Last updated
Docks in the city centre
Flag of Breda.svg
Breda wapen.svg
Map - NL - Municipality code 0758 (2009).svg
Location in North Brabant
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Location within the Netherlands
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Location within Europe
Coordinates: 51°35′20″N04°46′33″E / 51.58889°N 4.77583°E / 51.58889; 4.77583
Country Netherlands
Province North Brabant
  Body Municipal council
   Mayor Paul Depla (PvdA)
  Municipality128.68 km2 (49.68 sq mi)
  Land125.74 km2 (48.55 sq mi)
  Water2.94 km2 (1.14 sq mi)
3 m (10 ft)
 (Municipality, January 2021; Urban and Metro, May 2014) [4] [5] [6]
  Density1,464/km2 (3,790/sq mi)
   Metro region  [ nl ]
   Brabant CMSA
Demonym(s) Bredanaar, Bredaër
Time zone UTC+1 (CET)
  Summer (DST) UTC+2 (CEST)
4800–4841, 4847, 4850–4854
Area code 076
Click on the map for a fullscreen view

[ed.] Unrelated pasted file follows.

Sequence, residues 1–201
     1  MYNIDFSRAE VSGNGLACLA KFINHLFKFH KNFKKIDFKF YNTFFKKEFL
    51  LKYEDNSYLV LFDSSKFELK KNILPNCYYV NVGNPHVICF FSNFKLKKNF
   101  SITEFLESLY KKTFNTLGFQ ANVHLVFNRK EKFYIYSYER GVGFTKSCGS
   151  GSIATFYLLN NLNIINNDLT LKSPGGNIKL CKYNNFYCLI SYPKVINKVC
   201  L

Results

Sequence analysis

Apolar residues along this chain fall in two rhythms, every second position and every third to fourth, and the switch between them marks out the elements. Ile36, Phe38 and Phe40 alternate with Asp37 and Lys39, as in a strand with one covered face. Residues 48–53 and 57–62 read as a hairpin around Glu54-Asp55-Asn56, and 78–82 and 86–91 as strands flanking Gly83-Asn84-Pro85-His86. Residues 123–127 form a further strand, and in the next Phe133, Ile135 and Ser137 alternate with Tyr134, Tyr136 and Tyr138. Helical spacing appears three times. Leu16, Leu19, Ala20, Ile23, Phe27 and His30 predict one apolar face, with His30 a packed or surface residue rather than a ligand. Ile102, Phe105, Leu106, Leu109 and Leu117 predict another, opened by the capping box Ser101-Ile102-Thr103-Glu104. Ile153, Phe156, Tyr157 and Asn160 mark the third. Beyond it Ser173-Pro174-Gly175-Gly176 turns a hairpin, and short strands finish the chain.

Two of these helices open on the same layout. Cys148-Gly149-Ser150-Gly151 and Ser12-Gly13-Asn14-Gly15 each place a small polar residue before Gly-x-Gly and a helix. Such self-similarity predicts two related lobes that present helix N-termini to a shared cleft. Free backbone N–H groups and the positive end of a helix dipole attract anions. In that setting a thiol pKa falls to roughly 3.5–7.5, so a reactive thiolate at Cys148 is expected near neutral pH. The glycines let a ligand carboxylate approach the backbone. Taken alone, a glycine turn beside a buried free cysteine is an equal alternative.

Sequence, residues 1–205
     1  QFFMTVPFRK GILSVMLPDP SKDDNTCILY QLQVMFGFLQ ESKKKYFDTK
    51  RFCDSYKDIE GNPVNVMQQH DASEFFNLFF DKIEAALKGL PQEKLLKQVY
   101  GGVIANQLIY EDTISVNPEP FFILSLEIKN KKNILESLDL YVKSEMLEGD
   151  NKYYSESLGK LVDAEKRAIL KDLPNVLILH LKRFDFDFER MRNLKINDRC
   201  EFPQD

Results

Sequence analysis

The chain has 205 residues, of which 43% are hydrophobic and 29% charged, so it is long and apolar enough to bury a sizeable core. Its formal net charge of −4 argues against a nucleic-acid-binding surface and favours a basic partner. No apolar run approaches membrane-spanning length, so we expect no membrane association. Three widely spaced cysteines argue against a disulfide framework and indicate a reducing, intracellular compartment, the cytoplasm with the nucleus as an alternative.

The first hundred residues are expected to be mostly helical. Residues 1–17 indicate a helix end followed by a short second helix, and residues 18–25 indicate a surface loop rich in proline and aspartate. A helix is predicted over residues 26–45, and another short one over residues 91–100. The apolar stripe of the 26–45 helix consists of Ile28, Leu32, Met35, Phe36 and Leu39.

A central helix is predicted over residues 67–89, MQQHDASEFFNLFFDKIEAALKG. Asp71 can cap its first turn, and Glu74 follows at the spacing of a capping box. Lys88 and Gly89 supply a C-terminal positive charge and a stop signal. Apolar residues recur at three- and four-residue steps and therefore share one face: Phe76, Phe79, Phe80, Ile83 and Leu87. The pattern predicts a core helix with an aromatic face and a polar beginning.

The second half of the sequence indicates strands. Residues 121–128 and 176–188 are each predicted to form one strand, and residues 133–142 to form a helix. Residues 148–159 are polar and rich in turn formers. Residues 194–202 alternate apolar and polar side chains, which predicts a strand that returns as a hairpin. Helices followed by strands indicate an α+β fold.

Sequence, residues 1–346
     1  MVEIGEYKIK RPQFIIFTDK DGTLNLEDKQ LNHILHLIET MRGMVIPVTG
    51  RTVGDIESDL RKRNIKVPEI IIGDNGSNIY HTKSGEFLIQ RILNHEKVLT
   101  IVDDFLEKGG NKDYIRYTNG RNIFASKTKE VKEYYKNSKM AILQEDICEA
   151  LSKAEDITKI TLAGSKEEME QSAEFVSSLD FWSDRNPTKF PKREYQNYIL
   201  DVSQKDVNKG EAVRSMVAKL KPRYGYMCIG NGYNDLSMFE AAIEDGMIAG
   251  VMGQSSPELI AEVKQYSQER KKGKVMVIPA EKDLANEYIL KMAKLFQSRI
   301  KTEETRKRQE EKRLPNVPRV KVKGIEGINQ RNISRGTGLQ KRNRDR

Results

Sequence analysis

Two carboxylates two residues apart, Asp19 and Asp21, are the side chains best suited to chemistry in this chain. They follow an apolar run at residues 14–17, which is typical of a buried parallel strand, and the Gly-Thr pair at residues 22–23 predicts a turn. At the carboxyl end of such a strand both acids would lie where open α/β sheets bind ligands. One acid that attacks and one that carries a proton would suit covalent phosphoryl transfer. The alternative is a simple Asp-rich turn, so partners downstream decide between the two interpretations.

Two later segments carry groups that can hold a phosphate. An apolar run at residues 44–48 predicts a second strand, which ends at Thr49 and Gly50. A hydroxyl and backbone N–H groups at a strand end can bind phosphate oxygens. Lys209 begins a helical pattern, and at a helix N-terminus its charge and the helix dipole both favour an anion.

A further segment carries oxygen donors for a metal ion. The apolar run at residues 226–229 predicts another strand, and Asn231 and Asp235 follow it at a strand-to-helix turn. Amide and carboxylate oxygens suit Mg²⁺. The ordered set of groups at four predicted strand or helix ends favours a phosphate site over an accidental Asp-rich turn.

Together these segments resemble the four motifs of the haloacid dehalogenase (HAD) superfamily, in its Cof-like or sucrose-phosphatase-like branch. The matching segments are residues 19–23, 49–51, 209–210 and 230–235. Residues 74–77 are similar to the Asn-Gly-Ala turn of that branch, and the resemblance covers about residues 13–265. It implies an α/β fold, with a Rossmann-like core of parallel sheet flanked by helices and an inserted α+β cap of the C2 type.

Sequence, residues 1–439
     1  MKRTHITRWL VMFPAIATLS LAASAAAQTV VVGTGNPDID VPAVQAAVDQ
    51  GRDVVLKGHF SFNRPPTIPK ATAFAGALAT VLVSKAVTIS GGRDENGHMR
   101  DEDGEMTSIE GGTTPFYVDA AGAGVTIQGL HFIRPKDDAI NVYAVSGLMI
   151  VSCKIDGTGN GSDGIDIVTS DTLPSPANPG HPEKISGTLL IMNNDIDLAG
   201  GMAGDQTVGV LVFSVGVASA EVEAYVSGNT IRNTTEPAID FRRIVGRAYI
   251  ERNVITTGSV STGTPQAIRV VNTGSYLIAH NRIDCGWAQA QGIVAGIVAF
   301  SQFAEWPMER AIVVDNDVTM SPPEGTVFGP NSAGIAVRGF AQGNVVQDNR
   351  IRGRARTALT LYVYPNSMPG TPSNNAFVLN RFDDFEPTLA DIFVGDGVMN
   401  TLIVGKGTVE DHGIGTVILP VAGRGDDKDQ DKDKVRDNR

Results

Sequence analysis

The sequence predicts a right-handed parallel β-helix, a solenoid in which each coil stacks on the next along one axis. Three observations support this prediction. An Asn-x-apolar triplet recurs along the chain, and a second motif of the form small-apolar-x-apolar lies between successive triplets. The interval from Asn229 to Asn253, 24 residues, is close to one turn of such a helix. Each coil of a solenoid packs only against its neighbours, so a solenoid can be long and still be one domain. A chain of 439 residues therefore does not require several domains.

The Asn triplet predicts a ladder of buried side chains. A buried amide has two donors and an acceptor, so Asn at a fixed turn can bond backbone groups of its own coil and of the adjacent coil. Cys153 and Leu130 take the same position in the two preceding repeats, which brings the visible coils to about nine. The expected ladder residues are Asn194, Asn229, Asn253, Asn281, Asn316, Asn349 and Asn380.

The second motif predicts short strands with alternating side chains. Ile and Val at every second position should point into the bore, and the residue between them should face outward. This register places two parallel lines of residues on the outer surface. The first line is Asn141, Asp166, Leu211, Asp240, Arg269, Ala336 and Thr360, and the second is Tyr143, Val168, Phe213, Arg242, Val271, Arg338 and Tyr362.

Breda ( /ˈbrdə/ BRAY-də, also UK: /ˈbrdə/ BREE-də, US: /brˈdɑː/ bray-DAH, Dutch: [breːˈdaː] ) is a city and municipality in the southern part of the Netherlands, located in the province of North Brabant. The name derived from brede Aa ('wide Aa' or 'broad Aa') and refers to the confluence of the rivers Mark and Aa. [7] Breda has 185,072 inhabitants on 13 September 2022 and is part of the Brabantse Stedenrij; it is the ninth largest city/municipality in the country, and the third largest in North Brabant after Eindhoven and Tilburg. It is equidistant between Rotterdam and Antwerp.